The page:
July 21, 2007.
Tomorrow is our five year anniversary. Most people place a huge sense of importance upon the milestone anniversaries; typically those that occur in increments of five and ten. I won't tell you that this day isn't important, but I will say this: it's no more important than all the others. I believe it's more productive to focus on what you've done with your time, rather than celebrating how long you have endured something. Anyone can stick something out for years---but it doesn't necessarily make it a success.
I love that this day is an opportunity to look back on a really wonderful moment in time. A day of happiness and beginnings--it's our day. But every other day needs to be our day, too. I think it's very easy to forget about your marriage or relationship and the work involved in making it successful. The longer you are married the easier it is to forget about the work.
The flip side of being married for five years and not having children is the opportunity to focus solely on our relationship. We have no distractions, no other people in our family that are pulling us in other directions. It's a strange thing--because it's one part not our choice and one part completely of our own making. I'm not saying people with children can't have a great marriage, it's just...different. I often hear people say that they love their significant other more once they have children together. I don't know what that feels like, but I do know the greatest bond that exists in our relationship will always be the one that was forged over the fires of our inability to have children.
Things have turned out differently than we planned in 2007, but that's just life. Life was a hell of a lot simpler back then. But five years ago, I wanted the same thing I want today: to be happy. Perhaps my life isn't exactly what I imagined five years ago, but it's mine. It's ours. I wouldn't trade it for an easier one. I wouldn't go back and rewrite anything. I'd ask for the same hand to be dealt to us. Honestly, is life fair for anyone?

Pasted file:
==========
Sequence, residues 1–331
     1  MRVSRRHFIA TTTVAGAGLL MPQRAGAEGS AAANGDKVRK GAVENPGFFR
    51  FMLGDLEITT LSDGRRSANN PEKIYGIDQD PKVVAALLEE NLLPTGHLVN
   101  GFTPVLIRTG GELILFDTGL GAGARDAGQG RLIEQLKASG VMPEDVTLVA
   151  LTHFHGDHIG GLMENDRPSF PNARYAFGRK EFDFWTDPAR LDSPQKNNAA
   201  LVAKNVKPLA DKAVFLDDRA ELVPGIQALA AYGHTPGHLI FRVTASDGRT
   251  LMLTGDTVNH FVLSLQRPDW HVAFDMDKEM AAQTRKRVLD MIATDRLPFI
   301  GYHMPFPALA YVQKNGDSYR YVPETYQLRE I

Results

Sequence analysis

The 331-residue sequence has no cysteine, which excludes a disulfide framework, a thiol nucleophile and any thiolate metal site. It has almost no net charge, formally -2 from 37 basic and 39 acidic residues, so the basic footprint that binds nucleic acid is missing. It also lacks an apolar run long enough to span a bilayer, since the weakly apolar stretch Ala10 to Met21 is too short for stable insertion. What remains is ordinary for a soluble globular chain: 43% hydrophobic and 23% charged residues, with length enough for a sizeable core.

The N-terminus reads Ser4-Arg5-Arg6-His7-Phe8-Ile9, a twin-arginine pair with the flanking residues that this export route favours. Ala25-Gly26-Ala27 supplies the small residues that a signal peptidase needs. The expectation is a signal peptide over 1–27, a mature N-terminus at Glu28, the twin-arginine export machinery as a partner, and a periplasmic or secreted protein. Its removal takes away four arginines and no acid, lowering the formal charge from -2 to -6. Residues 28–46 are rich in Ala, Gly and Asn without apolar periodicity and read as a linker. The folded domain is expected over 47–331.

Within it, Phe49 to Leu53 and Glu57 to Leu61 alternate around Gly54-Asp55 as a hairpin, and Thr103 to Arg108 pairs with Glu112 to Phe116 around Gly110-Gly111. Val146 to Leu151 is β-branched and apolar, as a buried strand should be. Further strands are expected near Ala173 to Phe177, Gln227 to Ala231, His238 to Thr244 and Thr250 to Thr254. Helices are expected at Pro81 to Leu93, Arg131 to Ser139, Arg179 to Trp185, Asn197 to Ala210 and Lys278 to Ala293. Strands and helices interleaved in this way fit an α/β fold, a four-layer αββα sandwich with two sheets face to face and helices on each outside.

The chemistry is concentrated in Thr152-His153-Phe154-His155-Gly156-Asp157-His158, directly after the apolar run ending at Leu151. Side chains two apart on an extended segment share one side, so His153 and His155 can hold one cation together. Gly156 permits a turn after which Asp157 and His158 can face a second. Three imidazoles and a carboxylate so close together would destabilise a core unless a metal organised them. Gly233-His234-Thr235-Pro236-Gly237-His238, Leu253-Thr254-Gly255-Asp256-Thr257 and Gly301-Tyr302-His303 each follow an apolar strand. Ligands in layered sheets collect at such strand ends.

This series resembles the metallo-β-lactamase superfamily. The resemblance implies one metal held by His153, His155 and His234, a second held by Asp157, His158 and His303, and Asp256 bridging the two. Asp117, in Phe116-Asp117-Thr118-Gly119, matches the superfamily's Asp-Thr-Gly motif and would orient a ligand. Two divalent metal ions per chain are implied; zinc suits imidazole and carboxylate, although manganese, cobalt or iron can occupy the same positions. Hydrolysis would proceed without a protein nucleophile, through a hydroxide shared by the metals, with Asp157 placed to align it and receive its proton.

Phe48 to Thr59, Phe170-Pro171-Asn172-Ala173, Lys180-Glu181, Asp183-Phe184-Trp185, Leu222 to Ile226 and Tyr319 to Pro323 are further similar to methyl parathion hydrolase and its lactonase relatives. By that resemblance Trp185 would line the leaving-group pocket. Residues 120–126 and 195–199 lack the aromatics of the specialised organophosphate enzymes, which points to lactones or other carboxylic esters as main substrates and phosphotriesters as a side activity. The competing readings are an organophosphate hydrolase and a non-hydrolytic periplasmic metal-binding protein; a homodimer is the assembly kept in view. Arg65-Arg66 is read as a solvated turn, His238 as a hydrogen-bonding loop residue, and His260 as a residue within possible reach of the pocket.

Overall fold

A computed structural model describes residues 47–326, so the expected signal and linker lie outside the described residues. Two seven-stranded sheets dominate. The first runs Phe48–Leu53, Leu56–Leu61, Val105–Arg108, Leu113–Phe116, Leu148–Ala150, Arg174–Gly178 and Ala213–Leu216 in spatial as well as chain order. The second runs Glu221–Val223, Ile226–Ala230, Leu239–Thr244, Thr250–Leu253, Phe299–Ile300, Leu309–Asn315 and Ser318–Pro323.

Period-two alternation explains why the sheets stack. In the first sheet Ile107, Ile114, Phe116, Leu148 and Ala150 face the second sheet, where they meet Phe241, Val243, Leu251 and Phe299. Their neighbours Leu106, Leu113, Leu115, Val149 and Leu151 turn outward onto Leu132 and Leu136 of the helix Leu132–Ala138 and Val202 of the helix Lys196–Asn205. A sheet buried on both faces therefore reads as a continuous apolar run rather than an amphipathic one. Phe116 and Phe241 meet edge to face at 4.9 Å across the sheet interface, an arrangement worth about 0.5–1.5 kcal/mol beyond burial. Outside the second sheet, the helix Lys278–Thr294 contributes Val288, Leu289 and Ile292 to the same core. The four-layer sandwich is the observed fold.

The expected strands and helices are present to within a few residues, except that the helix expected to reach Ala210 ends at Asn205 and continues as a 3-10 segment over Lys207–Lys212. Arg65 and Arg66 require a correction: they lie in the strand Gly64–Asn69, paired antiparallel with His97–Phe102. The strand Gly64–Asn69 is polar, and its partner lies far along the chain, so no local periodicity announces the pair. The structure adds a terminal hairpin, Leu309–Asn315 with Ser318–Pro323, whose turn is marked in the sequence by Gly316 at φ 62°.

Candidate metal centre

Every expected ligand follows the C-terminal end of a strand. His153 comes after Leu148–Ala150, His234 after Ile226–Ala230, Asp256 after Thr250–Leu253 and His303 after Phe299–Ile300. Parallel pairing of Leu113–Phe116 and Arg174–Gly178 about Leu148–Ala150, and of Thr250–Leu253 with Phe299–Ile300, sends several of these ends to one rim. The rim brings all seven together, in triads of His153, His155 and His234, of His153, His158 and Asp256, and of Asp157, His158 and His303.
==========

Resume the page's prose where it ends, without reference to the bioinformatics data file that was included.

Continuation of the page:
We are traditional people, but I love that our life has taken a very nontraditional turn. We have worked to embrace it. We never stop making the most of it. I think life is entirely too short to follow every last one of the rules laid out for you when you were a child. Happiness is what you make of it, and sometimes you have to find that part of yourself by going through something terrible. And sometimes you survive it by making your own rules as you go.
We didn't place a timeline on children when we recently decided we weren't ready to adopt a child. Sometimes, I think it may never happen--other times, I wonder if I will look back and regret that decision. I don't feel strongly either way; I'm really happy just existing in this place right now, exactly as it is.
It's difficult to predict how I will feel about being childless in 15 years, mostly because there was no possible way I could have predicted I'd ever be in this predicament in the first place. But from where I stand today, it's really not all that horrible to live without this one thing we have been denied. It is what it is.
Maybe God made us this way for a reason, I tell myself when things are quiet and my mind drifts into a place I like to call What If Territory. Ever been there? Sure, it seems like a nice place to visit. But you don't want to live there, trust me. I can't help but think: didn't the universe know something nine years ago when two people were brought together who couldn't possibly have children even if they lived together in the Twilight Zone? Don't they say God has a great sense of humor?
The bottom line is that we've spent the last 5 years fighting every last battle together--and I sincerely believe that's what marriage is about. It's hard work, and anyone who tells you it's not is lying to you. Or, in denial. It's worthwhile work, but it is work. Like everything else, anything worth having always involves hard work.
These have been both the most difficult and most wonderful 5 years of my life. I believe those things go hand in hand: the good with the bad. It makes you more appreciative. More humble. Just a bit more patient. And honestly, it makes for a pretty amazing life.
The one thing I know for sure is this: things really do get better with time.